It was Thanksgiving in Mud Lick, Alabama, and Sheriff Roy Templeton was getting uneasy. Arlene was setting odd place cards at the dining room table. Sheriff Roy’s read as follows:
ROY TEMPLETON. PRONOUNS HE/HIM/HIS
“Arlene, what in the name of Bear Bryant are these wastes of card stock doing at my damn dinner table?” the Sheriff asked.
“It was your niece Cindy’s idea, honey. She says it respects peoples’ dignity to do stuff like this, and we don’t want Roy Junior thinking his family’s disrespectful, do we?”
CINDY, Roy thought to himself in horror. His brother, per the Sheriff’s wishes, would send one family member for Thanksgiving Dinner. This year, Barney just happened to send Roy’s niece Cindy, who didn’t even have the good sense to go to Alabama for college. She was in her sophomore year at some trash football school called “Yale,” wherever that was.
Heaven only knew what kind of thoughts a place like that could put into an impressionable girl like Cindy.
Right around six, Cindy bubbled into the house with a smile. She wore a deep crimson sweater and respectable jeans, and managed to bring a sweet potato pie for the spread. At least Barney’s family is raising their kids right, Roy thought.
Then Cindy opened her mouth after the family sat down, and Sheriff Roy’s mood went straight to the toilet.
“Are you paying attention to the debates for President, Uncle Roy?” Cindy asked.
“Debates ain’t football. It’s just a bunch of windbags mouthing off about how much they hate our President. I’d rather watch wrestling instead. That way I’d at least get to see some fighting after the talking.”
It would be a bit longer before Cindy opened her mouth next. This time, it would be during a discussion over the rising costs of Roy Junior’s therapy bills.
“That Liz Warren says we can have Medicare For All, and then once we get it, Roy Junior’s therapy bills shouldn’t be that bad. It’ll pay for itself in the way we’re happier and more productive!”
“Cindy, I appreciate you’re learning all kinds of new stuff up north, but that Yankee school you’re attending’s putting some serious stupid in your head. First off, no one worth their salt believes a damn word that woman says.”
“I don’t know, Uncle Roy, she seems like she’s got some good ideas.”
“Which was the better of her ideas, her saying she was Native American or her taking a DNA test to find out she’s whiter than the china in your Nana’s cupboard?”
“Uncle Roy, you’ve been watching too much Fox News again. Besides, I was talking about health care, not genealogy!”
“Cindy, who’s going to pay for this ridiculous thing you call ‘Medicare for all?’ I’m not paying for it. We get great insurance through the Benevolence Union.”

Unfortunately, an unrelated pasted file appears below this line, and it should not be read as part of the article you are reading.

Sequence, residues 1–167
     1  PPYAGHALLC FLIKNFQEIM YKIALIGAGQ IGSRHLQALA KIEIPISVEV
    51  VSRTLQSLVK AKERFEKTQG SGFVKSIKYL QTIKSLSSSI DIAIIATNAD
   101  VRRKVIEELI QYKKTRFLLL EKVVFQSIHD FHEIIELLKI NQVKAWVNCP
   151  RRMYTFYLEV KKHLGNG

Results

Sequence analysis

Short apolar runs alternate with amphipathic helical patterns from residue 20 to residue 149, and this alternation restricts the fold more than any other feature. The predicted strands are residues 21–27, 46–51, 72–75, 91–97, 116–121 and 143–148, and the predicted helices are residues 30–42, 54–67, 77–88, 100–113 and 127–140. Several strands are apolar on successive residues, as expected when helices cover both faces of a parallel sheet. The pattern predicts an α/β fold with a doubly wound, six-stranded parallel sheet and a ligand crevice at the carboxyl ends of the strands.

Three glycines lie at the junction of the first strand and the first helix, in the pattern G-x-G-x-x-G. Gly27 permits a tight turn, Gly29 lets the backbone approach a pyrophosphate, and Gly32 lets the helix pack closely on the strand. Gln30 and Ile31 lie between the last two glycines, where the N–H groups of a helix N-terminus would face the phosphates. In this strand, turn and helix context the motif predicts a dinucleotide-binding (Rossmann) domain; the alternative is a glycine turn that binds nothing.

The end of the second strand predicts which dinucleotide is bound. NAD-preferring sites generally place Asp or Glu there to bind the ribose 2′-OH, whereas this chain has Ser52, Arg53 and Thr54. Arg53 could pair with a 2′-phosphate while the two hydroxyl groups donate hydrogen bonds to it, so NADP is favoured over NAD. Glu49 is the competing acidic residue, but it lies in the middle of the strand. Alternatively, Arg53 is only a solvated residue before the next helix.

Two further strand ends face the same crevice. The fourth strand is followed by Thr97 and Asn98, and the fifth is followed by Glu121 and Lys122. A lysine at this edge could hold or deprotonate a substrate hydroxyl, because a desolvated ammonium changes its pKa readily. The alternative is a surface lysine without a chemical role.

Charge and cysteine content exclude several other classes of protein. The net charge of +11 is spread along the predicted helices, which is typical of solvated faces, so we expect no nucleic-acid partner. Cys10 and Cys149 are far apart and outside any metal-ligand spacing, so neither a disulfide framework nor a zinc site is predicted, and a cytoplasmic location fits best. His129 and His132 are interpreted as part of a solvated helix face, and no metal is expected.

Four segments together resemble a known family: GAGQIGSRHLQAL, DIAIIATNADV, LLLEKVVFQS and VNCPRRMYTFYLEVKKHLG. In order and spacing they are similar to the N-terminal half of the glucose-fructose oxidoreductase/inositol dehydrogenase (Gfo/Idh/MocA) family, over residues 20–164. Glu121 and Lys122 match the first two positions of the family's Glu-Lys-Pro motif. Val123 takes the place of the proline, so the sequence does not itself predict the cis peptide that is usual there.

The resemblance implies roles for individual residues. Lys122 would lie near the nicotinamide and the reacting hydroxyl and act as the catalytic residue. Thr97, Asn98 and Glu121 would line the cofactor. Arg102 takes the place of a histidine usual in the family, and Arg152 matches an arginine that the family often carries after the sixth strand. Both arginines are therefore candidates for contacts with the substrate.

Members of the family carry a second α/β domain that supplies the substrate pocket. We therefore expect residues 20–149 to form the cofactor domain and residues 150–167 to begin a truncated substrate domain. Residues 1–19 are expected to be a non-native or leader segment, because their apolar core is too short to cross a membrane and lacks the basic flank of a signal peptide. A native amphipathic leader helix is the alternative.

“Well, Ms. Warren says private insurance would go away and everybody would get new Government insurance paid for with tax money.”
“Cindy, what the hell are they actually teaching you at that Yankee school? Eliminating private health insurance takes out countless American jobs. Going to a single payer system would almost certainly eliminate the incentive for medical innovation in America, especially when the people in charge are the government. You want the government having a say in your health care? I work for the government, and they make my regular job hard enough as is!”
“Ugh,” Cindy snarled with disgust.
“I’ll get the apple pie,” Arlene said, rising from the table. “Roy Junior, come help your mother.”
The boy happily complied.
Once Ms. Templeton and her son left the room, Cindy went all in on Sheriff Roy.
“Uncle Roy, I can’t believe you and the rest of people your age are so hell-bent on keeping with these silly free market, capitalist ideas that are turning our country bankrupt and sending our climate into a hellhole that will never recover! Ms. Warren and Bernie Sanders have all these great ideas, and if Boomers like you would try something different like…”
“Don’t you say that word in my house, Cindy.”
“Socialism! There! I said it!”
“Cindy here’s the end of the night and the end of your lesson, child.” Sheriff Roy said tenderly. “People’ve tried that S word I asked you not to say in my house for generations. It never works. Sure, it sounds good, but at the end of the day all you get is breadlines and killing the neighbor’s dog for a day’s meal. Capitalism may not be perfect, but it’s given us a thriving nation, the innovation of free markets, and the ability to say and do as we please.”
“All this stuff they’re throwing in your head at Yale is just nonsense blathering coming from people who get paid to brainwash you kids. They’ve never lived in the world, never had a real job. They teach. My daddy always said, ‘Those who can’t, teach,’ and he was right. ‘Cept for my shop teacher, but they don’t have those these days. Best you focus your studies on stuff that will help you in real life, like that STEM stuff Arlene tells me women don’t get enough of in school.”
Cindy rose from the table, staring at Sheriff Roy with a thousand-yard stare. Mustering all the strength her tiny frame could manage, Cindy hurled the one insult she knew would sting the good Sheriff: “Ok Boomer.” With that, Cindy Thomas quickly collected her belongings and left the Templeton home just as Arlene came back with her famous apple pie.
“Will Cindy be back, Roy?” Arlene asked.
“Probably not. We ain’t exactly ‘woke’ folks in Mud Lick, though we try our best to be respectful. Cindy’s just gotten too much Yankee education in her to stay polite.”
And thus another Thanksgiving ended in Mud Lick as it should, with the entire family around the warmth of the Templeton’s big screen blaring a classic Alabama game while Sheriff Roy leafed through Scott Adams’ book “Loserthink.”